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The Flag of Distress A Story of the South Sea   By: (1818-1883)

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The Flag of Distress, by Captain Mayne Reid.

This long and at times very amusing story starts off with the sighting of a barque under full sail in mid Pacific, and wearing the Chilian flag upside down. For a vessel to wear its ensign inverted is a known sign of distress, so that the British naval vessel that sights her has to try to board her, to render assistance. But the barque is a good sailer, and does not reduce her sail or heave to. She appears to have only two men on board, rather strangely dressed in reddish fur clothing.

How this strange state of affairs arose takes the whole book to tell. The captain of the barque and his passenger have been tied so securely that they cannot move; the crew are no longer on board; the two men in reddish fur turn out to be orang outangs.

Reid was an excellent writer, credited with being the first to write in the Wild West genre. This book, with its background of the sea, is out of his usual line, but it is nevertheless a quite brilliant book. You will enjoy the part of the story that takes place on the sea front of San Francisco of 1849.

It makes an excellent audiobook, if you can cope with the numerous words of unusual spelling, to represent the speech of illiterate seamen, and the Spanish words. The latter are also to be found in Reid's Wild West novels. For some reason Reid often uses a few French phrases, but that was not unusual at the time he wrote.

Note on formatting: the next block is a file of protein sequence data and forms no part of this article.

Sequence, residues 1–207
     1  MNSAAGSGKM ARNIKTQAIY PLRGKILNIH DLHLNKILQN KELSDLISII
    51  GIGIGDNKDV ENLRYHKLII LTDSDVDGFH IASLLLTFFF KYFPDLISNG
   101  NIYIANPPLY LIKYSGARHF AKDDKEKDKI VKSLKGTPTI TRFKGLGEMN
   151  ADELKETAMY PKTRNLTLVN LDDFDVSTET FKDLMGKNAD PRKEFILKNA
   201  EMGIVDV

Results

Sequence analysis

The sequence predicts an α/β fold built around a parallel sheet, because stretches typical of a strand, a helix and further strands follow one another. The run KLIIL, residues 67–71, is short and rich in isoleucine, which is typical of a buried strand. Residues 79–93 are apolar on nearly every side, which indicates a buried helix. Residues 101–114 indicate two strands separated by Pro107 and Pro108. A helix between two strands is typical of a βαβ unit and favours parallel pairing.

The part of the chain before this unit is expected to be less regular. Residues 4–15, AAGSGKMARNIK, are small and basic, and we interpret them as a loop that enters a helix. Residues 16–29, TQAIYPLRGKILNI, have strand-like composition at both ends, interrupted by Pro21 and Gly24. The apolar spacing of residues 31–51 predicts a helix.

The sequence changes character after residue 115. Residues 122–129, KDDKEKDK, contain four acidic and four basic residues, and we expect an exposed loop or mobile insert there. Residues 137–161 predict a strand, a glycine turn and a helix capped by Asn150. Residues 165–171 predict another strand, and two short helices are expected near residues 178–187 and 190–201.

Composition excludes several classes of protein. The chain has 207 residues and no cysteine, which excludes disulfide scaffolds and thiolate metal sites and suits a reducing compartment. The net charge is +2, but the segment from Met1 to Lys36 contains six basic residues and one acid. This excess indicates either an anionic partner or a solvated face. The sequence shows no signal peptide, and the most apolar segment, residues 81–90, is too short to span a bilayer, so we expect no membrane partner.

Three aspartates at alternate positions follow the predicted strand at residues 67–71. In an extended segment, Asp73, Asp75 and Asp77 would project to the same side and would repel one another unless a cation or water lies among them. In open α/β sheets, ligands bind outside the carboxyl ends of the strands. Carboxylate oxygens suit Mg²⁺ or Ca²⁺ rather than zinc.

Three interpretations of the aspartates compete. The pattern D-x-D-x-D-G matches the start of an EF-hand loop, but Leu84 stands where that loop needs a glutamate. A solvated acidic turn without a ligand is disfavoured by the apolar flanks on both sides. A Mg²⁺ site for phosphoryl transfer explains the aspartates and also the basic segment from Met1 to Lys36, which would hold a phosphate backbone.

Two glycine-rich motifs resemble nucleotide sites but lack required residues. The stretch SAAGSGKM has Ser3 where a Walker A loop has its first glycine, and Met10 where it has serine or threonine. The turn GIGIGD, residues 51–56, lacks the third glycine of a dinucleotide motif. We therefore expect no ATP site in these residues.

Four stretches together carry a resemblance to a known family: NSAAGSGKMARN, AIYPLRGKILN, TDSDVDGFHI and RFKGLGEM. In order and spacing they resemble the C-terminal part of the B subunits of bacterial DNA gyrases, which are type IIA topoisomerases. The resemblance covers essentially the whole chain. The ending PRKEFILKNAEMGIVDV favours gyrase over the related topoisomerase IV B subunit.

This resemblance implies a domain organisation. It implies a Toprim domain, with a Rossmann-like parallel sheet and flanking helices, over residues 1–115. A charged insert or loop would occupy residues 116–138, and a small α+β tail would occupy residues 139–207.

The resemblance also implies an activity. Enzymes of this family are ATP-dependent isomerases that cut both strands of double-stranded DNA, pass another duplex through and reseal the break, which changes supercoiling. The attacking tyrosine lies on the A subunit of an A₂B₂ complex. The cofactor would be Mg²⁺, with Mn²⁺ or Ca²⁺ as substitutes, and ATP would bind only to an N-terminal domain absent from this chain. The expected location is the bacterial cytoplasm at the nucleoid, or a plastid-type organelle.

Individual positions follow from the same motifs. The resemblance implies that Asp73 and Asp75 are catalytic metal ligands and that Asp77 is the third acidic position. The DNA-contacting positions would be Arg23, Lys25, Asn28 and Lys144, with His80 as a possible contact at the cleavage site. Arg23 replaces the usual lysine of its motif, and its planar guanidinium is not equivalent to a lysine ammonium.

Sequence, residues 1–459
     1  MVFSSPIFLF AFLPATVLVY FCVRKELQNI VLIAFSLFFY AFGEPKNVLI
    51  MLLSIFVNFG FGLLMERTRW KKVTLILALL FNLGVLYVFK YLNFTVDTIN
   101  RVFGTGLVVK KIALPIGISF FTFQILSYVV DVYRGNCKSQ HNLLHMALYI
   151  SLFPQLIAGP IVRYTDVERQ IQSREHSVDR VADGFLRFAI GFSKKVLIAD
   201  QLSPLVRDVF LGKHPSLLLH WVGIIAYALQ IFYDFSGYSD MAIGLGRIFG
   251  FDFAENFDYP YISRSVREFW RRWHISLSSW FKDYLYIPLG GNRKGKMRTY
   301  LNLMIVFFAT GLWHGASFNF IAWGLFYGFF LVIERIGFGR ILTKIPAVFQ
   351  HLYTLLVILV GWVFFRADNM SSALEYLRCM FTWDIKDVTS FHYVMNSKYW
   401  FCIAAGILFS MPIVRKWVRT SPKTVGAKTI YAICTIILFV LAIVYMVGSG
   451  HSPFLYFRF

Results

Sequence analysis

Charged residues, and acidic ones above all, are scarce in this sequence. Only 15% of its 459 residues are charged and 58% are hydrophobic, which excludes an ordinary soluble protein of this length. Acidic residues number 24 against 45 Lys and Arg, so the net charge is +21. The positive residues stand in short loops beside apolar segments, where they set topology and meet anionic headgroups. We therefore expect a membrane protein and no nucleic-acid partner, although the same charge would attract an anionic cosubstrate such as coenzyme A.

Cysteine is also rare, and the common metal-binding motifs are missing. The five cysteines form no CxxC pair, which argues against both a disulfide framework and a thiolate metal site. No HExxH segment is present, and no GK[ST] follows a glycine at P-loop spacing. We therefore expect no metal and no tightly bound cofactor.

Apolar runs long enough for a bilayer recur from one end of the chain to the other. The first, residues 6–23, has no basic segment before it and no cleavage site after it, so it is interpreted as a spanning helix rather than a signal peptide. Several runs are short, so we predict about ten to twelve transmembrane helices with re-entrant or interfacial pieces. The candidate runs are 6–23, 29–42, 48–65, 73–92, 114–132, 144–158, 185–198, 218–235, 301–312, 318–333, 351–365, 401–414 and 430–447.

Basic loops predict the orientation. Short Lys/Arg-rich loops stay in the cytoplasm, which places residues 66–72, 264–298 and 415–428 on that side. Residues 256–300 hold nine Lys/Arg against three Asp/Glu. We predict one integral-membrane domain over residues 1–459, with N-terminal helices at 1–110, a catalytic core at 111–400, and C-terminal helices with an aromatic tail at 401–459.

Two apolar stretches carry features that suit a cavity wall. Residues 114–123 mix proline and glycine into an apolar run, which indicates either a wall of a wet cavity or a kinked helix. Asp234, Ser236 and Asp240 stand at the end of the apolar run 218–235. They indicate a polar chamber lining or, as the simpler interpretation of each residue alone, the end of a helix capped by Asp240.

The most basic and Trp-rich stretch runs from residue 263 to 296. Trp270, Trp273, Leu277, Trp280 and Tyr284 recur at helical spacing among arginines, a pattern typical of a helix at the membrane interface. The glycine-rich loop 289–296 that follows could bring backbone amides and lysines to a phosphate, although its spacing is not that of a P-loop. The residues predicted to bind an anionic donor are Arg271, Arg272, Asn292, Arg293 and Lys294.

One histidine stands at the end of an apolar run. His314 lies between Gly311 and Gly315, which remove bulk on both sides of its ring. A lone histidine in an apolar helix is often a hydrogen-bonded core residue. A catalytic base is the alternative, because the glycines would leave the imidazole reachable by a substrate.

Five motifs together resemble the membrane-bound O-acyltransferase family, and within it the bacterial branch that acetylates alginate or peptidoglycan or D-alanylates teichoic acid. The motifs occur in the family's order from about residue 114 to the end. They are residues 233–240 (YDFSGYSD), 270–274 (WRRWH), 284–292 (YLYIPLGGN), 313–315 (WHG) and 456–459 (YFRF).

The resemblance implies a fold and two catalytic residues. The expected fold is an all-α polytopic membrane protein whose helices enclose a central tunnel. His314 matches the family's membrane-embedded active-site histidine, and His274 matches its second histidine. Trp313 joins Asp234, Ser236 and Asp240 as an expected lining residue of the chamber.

In mid ocean the Pacific. Two ships within sight of one another, less than a league apart. Both sailing before the wind, running dead down it with full canvas spread not side by side, but one in the wake of the other.

Is it a chase? To all appearance, yes; a probability strengthened by the relative size and character of the vessels. One is a barque, polacca masted, her masts raking back with the acute shark's fin set supposed to be characteristic of piratical craft. The other is a ship, square rigged and full sized; a row of real, not painted, ports, with a gun grinning out of each, proclaiming her a man of war.

She is one a frigate, as any seaman would say, after giving her a glance. And any landsman might name her nationality. The flag at her peak is one known all over the world: it is the ensign of England.

If it be a chase, she is the pursuer. Her colours might be accepted as surety of this, without regard to the relative position of the vessels; which show the frigate astern, the polacca leading.

The latter also carries a flag of nationality not so easily determined. Still it is the ensign of a naval power, though one of little note. The five pointed white star, solitary in a blue field, proclaims it the standard of Chili.

Why should an English frigate be chasing a Chilian barque? There is no war between Great Britain and this, the most prosperous of the South American republics; instead, peace treaties, with relations of the most amicable kind. Were the polacca showing colours blood red, or black, with death's head and cross bones, the chase would be intelligible. But the bit of bunting at her masthead has nothing on its field either of menace or defiance. On the contrary, it appeals to pity, and asks for aid; for it is an ensign reversed in short, a signal of distress .

And yet the craft so signalling is on the scud before a stiff breeze, with all sail set, stays taut, not a rope out of place!

Strange this. So is it considered by every one aboard the man of war, from the captain commanding to the latest joined "lubber of a landsman" a thought that has been in their minds ever since the chase commenced.

For it is a chase: that is, the frigate has sighted a sail, and stood towards it. This without changing course; as, when first espied, the stranger, like herself, was running before the wind... Continue reading book >>

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